When I worked in Adult Education as a literacy tutor in the 80s, I ran a poetry class in the evenings for any Basic Education students who wanted to do something in May and June after the year's classes had ended. The real confidence came from the writing itself. We were able to put the emphasis on expression and technique rather than on correcting and producing acceptable English, and the learners found this liberating. And, yes, they did take pride in seeing their names in the magazine, produced with a BBC B and a dot matrix printer.

Wednesday, April 2, 2008

E-Book on Literacy and Dyslexia

Hugo Kerr’s highly recommended chapter on dyslexia from “The Cognitive Psychology of Literacy Teaching: Reading, Writing, Spelling, Dyslexia (& a bit more besides)” brings me back to the ongoing debate, at least in my mind, about the “reality” of dyslexia.

Hugo is truly sceptical about dyslexia, without going quite as far as to suggest that it doesn’t exist. I might have agreed more fully a few years ago, though I would never have read the amazing quantity of literature quoted, which covers the field. In those days I really was more anti-dyslexia, I believed that it didn't matter to the way I delivered my teaching; I wondered about trying to put those views into order. Looking back now, I remember a few people in particular who came to me for help with spelling, but their needs were great and they never seemed to make as much progress as others.

Now I feel I am more of a believer. I have written in this blog before here and here ideas around the definition of dyslexia. From Hugo’s quoted definitions I am probably closest to the Moray House definition; I certainly do not like the idea of the primacy of reading or literacy difficulty.

I wonder about the other, perhaps secondary, “symptoms” of dyslexia, which include:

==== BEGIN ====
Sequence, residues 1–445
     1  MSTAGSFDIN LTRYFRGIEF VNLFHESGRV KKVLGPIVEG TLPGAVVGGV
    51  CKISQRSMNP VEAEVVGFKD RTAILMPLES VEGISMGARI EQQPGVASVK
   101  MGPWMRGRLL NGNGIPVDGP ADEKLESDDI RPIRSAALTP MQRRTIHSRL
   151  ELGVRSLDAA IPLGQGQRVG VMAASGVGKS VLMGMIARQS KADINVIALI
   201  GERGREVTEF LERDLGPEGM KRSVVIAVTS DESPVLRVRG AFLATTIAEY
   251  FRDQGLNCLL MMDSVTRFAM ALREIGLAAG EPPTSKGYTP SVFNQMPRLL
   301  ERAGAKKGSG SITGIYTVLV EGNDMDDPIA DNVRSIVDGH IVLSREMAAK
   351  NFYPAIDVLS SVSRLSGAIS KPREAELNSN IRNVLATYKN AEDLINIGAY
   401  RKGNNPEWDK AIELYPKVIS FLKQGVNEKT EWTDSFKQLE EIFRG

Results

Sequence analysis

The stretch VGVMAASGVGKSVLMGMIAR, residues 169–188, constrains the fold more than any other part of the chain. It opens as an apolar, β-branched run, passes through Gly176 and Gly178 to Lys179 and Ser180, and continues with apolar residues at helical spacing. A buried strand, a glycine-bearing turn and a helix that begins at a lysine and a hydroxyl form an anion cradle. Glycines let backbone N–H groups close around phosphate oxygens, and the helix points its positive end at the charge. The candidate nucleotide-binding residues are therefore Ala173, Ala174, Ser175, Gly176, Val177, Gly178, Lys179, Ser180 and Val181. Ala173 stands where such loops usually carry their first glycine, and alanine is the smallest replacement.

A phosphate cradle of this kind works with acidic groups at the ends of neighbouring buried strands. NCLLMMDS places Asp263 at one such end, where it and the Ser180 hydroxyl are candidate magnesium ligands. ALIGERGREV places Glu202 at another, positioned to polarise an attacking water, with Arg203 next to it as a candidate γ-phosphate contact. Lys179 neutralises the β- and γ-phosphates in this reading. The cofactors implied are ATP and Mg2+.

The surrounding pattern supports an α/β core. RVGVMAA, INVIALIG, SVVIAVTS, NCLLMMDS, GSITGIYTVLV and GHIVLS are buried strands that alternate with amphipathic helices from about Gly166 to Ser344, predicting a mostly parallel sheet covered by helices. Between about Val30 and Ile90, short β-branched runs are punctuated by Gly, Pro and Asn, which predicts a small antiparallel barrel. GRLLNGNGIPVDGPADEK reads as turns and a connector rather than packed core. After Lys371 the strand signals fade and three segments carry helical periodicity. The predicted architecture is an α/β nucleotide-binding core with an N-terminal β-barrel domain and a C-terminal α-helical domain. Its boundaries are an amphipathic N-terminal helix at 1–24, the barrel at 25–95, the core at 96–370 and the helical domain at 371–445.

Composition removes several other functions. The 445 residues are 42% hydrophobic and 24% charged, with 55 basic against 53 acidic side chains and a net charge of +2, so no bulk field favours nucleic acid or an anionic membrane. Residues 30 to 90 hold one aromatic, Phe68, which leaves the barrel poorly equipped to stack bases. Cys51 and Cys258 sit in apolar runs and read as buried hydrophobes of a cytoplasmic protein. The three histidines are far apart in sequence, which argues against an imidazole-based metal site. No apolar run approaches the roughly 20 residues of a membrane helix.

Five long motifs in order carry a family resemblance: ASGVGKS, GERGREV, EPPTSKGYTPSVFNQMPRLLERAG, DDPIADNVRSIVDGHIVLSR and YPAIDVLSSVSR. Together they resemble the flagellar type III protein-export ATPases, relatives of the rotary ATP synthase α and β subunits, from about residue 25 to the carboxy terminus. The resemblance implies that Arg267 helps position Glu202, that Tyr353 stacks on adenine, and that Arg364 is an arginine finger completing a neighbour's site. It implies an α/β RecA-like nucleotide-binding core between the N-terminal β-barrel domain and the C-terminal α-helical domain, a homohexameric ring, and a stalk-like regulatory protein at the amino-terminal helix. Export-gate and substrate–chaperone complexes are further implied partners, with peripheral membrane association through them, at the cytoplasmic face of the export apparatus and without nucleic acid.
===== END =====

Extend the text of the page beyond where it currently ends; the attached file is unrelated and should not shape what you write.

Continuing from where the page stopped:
• Memory difficulties
  • Organisational difficulties
  • Difficulties listening to two people at once
  • Mis-saying words
  • Difficulties with maps
  • Difficulties with maths
I wonder about the idea, in Cynthia Klein for one, of difficulties with different sorts of processing, motor, auditory and visual, and the different sorts of literacy problems consequent; I have done these analyses and find them useful.

I wonder about the continuum, about dyspraxia and dyscalculia.

I wonder above all about all those people I have worked with who find great relief in the diagnosis of dyslexia; once it is accepted, there can be release from the anxieties remaining from school and there can be a new addressing of current priorities. As a support tutor I can move away if desired from teaching spelling to supporting writing and expression.

In the UK the diagnosis of dyslexia is crude and unsatisfying, and open to abuse. However it is very often needed for funding to ensure support, and therefore necessary.

I found the book from Maggie Harnew's site, as so often. I'll read more of it, when I can find when I get used to the idea of an e-book - I don't find it easy on a landscape monitor.

Read The Words

I've added a link to Read the Words to the Dyslexia Resources page on the Skills for Life Website. I know that dyslexic people sometimes use or are recommended software to turn text into speech. This is a free version and might be attractive if you don't want to use it a lot. I find the slurs between words difficult sometimes, but a dyslexic student pointed out that you have to learn to use software like this so that you become used to its peculiarities; I don't need to use it so I am not a good judge. Just don't try to read a web page from the url; cut and paste the text instead. I can see how this could be a really useful tool.

Another purpose of the site is to embed speech on your web page, so here goes.

It sounds pretty good to me, though I did have to switch to Internet Explorer to get the embedding to work.